A chance event reunites Holocaust victims from Poland After 52 years, 2 men meet again at a Red Cross center in Baltimore.

September 26, 1991|By Patrick Ercolano | Patrick Ercolano,Evening Sun Staff fTB

It was a lucky find, but the American Red Cross Holocaust and War Victims Tracing and Information Center will take it.

Two men who hadn't seen each other in 52 years, since their Hebrew school days in pre-World War II Poland, were reunited at the center, located at the Central Maryland Red Cross Chapter office in northwest Baltimore.

A chance event during processing work earlier this year at the center led to yesterday's reunion.

The tracing center receives requests from Americans who want information about loved ones lost during the war, when 6 million European Jews were killed by Nazi Germany.

The requests are then sent to the Red Cross' International Tracing Service in Arolson, Germany, which has more than 46 million documents pertaining to more than 14 million people affected by the Holocaust and the war's aftermath.

Since opening a year ago, the local tracing center has confirmed 17 deaths and reunited 12 Holocaust survivor families in the United States with relatives who had made inquiries, according to director Diane Paul.

However, Paul cautioned that such reunions are "really rare."

Pursuing a paper trail over two continents, for the minutest lead on a person who has been missing or presumed dead for decades, can be "extremely difficult work," she added.

"The trail," she said, "is pretty cold after more than 40 years."

Sometimes the work gets results, as in the confirmation of a death.

"This is the important part of what we do," said Paul. "It allows a family to fully grieve. For years they may have assumed that their relative was dead, but there was always that sense of unreality from not really knowing. Once we confirm the death, the family feels shock and trauma at first, but they can finally have their grieving process and move on with life."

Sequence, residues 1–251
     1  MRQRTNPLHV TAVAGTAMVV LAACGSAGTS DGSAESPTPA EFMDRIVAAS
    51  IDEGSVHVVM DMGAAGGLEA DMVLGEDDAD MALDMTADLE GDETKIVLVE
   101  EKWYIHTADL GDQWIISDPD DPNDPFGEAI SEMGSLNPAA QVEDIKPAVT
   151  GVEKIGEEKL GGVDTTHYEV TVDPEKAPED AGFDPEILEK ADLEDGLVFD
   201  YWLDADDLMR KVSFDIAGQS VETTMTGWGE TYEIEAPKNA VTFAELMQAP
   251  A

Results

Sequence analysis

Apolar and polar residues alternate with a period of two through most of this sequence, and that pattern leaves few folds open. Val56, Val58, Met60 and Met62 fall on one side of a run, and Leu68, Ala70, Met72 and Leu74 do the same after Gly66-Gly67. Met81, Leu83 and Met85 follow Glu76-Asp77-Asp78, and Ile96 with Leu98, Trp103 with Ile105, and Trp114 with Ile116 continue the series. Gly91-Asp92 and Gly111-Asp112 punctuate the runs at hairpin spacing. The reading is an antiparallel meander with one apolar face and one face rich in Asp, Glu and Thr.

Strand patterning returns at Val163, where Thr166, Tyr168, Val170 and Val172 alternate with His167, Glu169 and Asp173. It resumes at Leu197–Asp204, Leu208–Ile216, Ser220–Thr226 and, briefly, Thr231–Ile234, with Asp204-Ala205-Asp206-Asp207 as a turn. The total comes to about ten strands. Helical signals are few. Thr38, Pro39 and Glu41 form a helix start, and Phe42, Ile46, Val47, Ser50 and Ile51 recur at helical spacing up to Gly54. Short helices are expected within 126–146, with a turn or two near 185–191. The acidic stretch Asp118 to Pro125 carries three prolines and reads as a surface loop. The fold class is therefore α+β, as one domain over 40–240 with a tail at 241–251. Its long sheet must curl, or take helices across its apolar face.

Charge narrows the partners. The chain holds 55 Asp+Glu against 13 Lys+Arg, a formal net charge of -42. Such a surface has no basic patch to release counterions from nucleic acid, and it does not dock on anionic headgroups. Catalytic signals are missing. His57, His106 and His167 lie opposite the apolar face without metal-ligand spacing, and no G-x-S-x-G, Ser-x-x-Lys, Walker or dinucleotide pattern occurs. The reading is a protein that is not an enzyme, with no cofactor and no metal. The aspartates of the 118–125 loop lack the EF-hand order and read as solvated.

The center's work also has led to the joyful reunions of people who lost track of each other decades ago.

"The 12 reunions we've had may not sound like a lot, but for the 12 families involved, it constitutes a miracle," said Paul.

Another miracle of sorts took place yesterday when Morris Rosen, of Baltimore, and Harry Nordon, of Queens, N.Y., were reunited at the center. It was the Polish natives' first meeting since the German invasion of Poland in 1939.

After the invasion, the two boyhood friends lost touch. Nordon was put to work in Nazi labor camps during the war. He said he believes that his father, two brothers and three sisters died in concentration camps.

Rosen survived five of the camps, although both his parents died in the Holocaust.

Nordon and Rosen were reunited in front of the Red Cross office at 10:40 a.m. yesterday. They embraced for a emotional but dry-eyed minute. Then, with reporters and cameras circling, the pair of smallish men in their late 60s had a chat.

"Remember my mother?" Nordon asked.

"Sure, I do," Rosen said. "And your father and your sister."

The happy accident of their reunion was set in motion when Nordon recently applied to the Baltimore tracing center for information about family members whom he hadn't heard from since the war.

Rosen happened to be doing volunteer processing work at the center one day when another volunteer asked his help on the pronunciation of a Polish town.

It turned out to be Dombrowa, the home town of Rosen and Nordon.

"First I was stunned that someone wanted information on Dombrowa, but I was more stunned when I looked at the application and recognized Harry's name," Rosen said. "We went to Hebrew school together as boys. I knew his sister, too. Tall, on the skinny side, beautiful girl."

The reunion of the two men was arranged in short order.

Yesterday, they sat side by side on a couch inside the Red Cross building and talked to reporters.

Rosen was natty in a blue-striped suit, a blue-striped shirt and a purplish paisely tie. Nordon, who spoke with a Queens accent, dressed more casually, in blue slacks, a white shirt open at the throat and a gray jacket.

"Oh, it feels great to see him after all these years, and especially to see someone that you never thought you'd see again," Rosen said. "But it hurts to think of all the others who were left behind."

Asked how he felt, Nordon said, twice, "Makes me think there must be a God in heaven."

And will the two men stay in touch?

Nordon nodded. Rosen answered, "Stay in touch? Sure! And how!"

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